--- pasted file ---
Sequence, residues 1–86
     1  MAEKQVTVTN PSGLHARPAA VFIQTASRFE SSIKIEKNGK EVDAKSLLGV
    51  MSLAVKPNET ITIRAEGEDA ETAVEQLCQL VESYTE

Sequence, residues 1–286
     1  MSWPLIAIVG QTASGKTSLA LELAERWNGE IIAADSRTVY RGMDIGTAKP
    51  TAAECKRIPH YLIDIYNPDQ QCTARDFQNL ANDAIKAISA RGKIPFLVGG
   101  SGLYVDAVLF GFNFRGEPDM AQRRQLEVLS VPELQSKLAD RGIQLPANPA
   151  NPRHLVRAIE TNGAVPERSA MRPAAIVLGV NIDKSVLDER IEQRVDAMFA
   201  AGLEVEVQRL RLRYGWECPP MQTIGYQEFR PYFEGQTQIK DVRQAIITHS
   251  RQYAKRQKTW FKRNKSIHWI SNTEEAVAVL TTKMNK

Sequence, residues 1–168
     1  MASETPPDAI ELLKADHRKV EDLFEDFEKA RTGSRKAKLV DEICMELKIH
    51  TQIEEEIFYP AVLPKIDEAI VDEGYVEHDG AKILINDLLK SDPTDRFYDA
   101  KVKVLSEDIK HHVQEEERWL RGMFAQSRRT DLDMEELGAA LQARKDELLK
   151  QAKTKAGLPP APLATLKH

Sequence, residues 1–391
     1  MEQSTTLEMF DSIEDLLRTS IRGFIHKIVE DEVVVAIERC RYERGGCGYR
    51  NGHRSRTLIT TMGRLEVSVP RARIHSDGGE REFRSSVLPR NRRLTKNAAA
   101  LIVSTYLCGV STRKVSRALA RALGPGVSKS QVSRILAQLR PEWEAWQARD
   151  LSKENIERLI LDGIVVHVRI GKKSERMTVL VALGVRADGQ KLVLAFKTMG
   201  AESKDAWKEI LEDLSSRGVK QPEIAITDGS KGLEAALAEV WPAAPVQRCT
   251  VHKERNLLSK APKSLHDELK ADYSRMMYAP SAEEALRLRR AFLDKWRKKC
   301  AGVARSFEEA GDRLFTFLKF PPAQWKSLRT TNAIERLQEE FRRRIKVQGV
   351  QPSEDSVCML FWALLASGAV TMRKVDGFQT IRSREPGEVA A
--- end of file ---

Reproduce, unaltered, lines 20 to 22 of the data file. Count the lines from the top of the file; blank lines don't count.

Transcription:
   151  LSKENIERLI LDGIVVHVRI GKKSERMTVL VALGVRADGQ KLVLAFKTMG
   201  AESKDAWKEI LEDLSSRGVK QPEIAITDGS KGLEAALAEV WPAAPVQRCT
   251  VHKERNLLSK APKSLHDELK ADYSRMMYAP SAEEALRLRR AFLDKWRKKC